Governments, regulators and stock exchanges worldwide are increasingly introducing compulsory disclosure requirements on companies in respect of sustainability information.

In this study, Ioannis Ioannou (Assistant Professor of Strategy and Entrepreneurship at London Business School) and George Serafeim (Jakurski Family Associate Professor of Business Administration at Harvard Business School) examine the effect of mandatory sustainability reporting by studying the disclosures and market valuation of companies in China, Denmark, Malaysia and South Africa immediately before, during and after the introduction of compulsory reporting legislation.

Their findings suggest that, contrary to popular belief that an increase in disclosure regulation imposes significant costs on companies and, therefore, has a negative impact on shareholders, the reality is that improved disclosure creates value for companies, not destroys it.

The study

The authors compared the levels of disclosure by companies in the four countries over the two years prior to, and the two years following, the introduction of mandatory reporting on environmental, social and governance (ESG) issues. They then mapped this against the valuation of the companies over the same period, using Tobin’s Q (a measure of stock valuation that divides the market value of a company by the replacement value of a company’s assets).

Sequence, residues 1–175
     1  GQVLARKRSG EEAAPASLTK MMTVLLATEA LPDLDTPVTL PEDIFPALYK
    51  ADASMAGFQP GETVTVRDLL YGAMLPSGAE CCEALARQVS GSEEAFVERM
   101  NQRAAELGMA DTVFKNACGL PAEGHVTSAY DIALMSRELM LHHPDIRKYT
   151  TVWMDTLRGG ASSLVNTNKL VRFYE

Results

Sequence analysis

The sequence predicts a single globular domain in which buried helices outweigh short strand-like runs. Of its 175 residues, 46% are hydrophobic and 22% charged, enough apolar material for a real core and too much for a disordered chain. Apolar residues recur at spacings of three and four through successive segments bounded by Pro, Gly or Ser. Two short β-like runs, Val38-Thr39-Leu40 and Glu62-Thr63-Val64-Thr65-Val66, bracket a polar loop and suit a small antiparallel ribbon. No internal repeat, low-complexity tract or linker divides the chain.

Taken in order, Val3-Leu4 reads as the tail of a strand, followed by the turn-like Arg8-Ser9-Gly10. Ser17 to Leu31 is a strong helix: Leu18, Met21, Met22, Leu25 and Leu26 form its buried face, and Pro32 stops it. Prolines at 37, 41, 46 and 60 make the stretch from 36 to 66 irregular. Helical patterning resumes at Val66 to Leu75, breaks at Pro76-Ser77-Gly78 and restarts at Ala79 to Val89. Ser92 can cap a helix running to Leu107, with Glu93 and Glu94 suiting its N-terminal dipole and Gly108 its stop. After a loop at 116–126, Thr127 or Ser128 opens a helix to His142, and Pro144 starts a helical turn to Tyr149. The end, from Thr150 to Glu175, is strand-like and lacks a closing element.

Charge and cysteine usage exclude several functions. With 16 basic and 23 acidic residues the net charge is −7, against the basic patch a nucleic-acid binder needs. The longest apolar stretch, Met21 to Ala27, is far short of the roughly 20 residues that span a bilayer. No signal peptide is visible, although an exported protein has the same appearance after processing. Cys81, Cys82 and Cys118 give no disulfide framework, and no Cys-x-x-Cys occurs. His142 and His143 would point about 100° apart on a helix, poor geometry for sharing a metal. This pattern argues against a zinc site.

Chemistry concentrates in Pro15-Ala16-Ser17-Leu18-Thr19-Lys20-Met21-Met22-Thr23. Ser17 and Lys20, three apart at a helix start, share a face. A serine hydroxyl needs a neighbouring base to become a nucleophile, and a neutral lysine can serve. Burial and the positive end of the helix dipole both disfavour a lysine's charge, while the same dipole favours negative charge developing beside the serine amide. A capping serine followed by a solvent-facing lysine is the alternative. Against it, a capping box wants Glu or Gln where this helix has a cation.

By comparing the results with separate control groups of US and worldwide companies, the authors found that mandatory sustainability reporting:

  • significantly increases the level of ESG disclosure, even if regulations are on a comply or explain basis;
  • increases the likelihood that companies will get their ESG information independently verified;
  • increases the probability that companies will voluntarily adopt ESG reporting guidelines;
  • improves the valuation for companies that respond to the regulation by increasing ESG disclosure.

“[We] did not find any evidence that, on average, the disclosure regulations adversely affected shareholders.”

Using Bloomberg ESG survey data, the authors identified a sample group of 317 companies across the four countries, with an aggregate market capitalisation of US$2,820 billion. Taking account of company size, profitability (return on assets), leverage (total liabilities over total assets), market expectations about growth opportunities (Tobin’s Q), the level of ESG disclosure and industry membership (financial vs. non-financial sectors), they compared against a control group before and after the introduction of disclosure regulation.

Strong responses

Even though the regulations often allowed companies, via comply or explain clauses, to choose not to make greater disclosure, there was a 30%-50% average increase in ESG disclosure as a result of the regulations being introduced (albeit from a low starting base). The greatest increase came in the first year of the regulations coming into force. All three types of disclosure – environmental, social and governance – increased.